The graphic is a stylized photograph of the Manhattan skyline superimposed with a Hollywood-style caption that says: “ALQAEDA - coming soon again in New York.”

The New York Police Department was “investigating the origin and significance of the graphic … which appeared today on a few Arabic-language al Qaeda forums that remain online at the moment,” NYPD chief spokesman Paul Browne said.

READ MORE: Authorities investigate internet threat to New York City

19

Feb

We urge the international community to act as quickly as possible to solve the Syrian crisis, so as not to have a future where these organizations will have a part. Syria now as a country is losing control and it is an open country and this might lead to others seizing opportunities to enter a country that is out of control.

23

Dec

Syria Blames Al Qaeda After Bombs Kill Dozens in Damascus

The government pointed to Al Qaeda but also linked the bombings to Syria’s nine-month-old uprising, setting off a new round of recriminations with opposition groups.

15

Oct

U.S. drone strikes kill Al Qaeda operative in Yemen

Reporting from Washington— A U.S. military drone strike killed a top Al Qaeda operative in Yemen and the son of Anwar Awlaki, the American-born cleric killed in a similar strike two weeks ago, Yemeni security officials said.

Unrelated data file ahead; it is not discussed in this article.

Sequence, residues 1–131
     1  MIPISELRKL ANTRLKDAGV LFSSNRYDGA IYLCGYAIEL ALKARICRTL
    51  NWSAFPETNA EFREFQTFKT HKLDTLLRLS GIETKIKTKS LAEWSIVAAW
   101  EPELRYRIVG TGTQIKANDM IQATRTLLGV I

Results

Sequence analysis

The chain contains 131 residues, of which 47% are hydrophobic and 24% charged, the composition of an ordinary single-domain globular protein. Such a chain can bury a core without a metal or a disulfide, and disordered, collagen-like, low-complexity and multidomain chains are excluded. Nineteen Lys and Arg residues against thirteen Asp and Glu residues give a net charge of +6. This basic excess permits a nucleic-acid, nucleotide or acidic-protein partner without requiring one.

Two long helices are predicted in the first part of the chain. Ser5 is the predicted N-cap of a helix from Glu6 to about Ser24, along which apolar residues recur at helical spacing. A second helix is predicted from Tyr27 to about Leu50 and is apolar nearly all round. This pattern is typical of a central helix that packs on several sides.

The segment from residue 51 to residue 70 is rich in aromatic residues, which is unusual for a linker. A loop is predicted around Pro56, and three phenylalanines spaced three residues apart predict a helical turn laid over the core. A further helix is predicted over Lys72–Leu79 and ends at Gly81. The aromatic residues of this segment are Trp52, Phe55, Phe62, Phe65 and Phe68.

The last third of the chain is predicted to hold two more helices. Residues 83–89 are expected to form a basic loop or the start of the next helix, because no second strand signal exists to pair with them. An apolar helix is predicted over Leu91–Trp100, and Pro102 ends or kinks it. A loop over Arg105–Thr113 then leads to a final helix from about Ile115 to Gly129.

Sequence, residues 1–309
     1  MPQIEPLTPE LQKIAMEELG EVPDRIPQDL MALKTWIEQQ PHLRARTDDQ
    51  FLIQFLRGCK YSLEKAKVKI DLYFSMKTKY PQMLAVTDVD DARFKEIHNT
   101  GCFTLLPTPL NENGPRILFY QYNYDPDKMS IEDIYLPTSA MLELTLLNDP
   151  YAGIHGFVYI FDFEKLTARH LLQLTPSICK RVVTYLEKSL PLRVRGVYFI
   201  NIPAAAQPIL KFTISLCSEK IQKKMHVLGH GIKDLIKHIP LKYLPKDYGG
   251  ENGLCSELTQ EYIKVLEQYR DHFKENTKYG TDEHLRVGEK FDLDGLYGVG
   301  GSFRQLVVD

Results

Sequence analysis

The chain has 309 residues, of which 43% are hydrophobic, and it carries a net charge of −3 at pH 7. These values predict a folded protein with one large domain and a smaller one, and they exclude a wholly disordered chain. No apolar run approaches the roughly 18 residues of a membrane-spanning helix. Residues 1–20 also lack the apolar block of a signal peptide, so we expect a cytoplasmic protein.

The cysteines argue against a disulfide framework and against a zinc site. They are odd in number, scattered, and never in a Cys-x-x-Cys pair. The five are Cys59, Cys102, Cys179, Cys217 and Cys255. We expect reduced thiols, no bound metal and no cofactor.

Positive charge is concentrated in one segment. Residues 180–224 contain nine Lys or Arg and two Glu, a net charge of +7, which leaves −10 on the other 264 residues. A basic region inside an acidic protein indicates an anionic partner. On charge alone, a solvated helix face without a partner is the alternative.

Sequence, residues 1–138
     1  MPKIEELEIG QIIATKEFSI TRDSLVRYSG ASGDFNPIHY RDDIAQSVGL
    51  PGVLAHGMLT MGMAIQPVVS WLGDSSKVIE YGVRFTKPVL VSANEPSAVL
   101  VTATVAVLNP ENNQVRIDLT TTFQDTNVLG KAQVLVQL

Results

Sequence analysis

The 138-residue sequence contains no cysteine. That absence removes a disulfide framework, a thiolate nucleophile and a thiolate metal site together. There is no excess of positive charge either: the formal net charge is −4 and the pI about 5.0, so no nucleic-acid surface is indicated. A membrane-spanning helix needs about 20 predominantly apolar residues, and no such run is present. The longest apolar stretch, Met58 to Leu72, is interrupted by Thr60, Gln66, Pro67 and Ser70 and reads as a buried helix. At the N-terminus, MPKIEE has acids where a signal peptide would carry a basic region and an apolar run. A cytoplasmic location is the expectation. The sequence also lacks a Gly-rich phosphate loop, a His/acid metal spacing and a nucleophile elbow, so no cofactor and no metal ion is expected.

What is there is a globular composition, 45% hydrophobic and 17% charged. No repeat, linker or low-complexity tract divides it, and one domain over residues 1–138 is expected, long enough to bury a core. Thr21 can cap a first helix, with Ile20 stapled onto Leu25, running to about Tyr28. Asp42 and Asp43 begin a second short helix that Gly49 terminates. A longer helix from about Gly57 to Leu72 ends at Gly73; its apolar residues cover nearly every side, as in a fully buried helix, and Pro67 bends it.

As political unrest continues to roil Yemen, the U.S. has escalated its attacks against Al Qaeda’s affiliate in the country.

Yemeni officials told reporters that nine members of Al Qaeda in the Arabian Peninsula were killed in the strike near the town of Azzan in southeastern Yemen, including Awlaki’s 21-year-old son, Abdul-Rahman Awlaki, and Egyptian-born Ibrahim Banna, whom officials described as the media chief of the Al Qaeda affiliate in Yemen.

09

Sep

Al Qaeda shadow of former self 10 years after 9/11

"The movement fueled by a common ideology has morphed into more of an AQ hydra, with the old core weakened but new franchises and inspired individuals taking on the global jihadi mantle," said Juan Zarate, a White House counterterrorism adviser to former President George W. Bush, referring to the multi-headed serpent of Greek mythology.

'LONE WOLVES'

A worrisome development is the proliferation of individual violent militants — the “lone wolves” — who operate unseen by intelligence agencies and police and can create mayhem with a carful of home-made explosives or guns. The result is a lower risk of future large conflagrations but a growing threat of smaller attacks that could be harder to detect and thwart.

"Future attacks against America will be less complex, less well organized, less likely to succeed, less lethal if they do succeed. They will just be more numerous," said retired General Michael Hayden, who led the CIA and National Security Agency.

….

Brennan said that over the past 2 1/2 years — the period since Obama became president — more than half of al Qaeda’s top leaders have been eliminated and virtually every affiliate has lost its key leader or operational commander.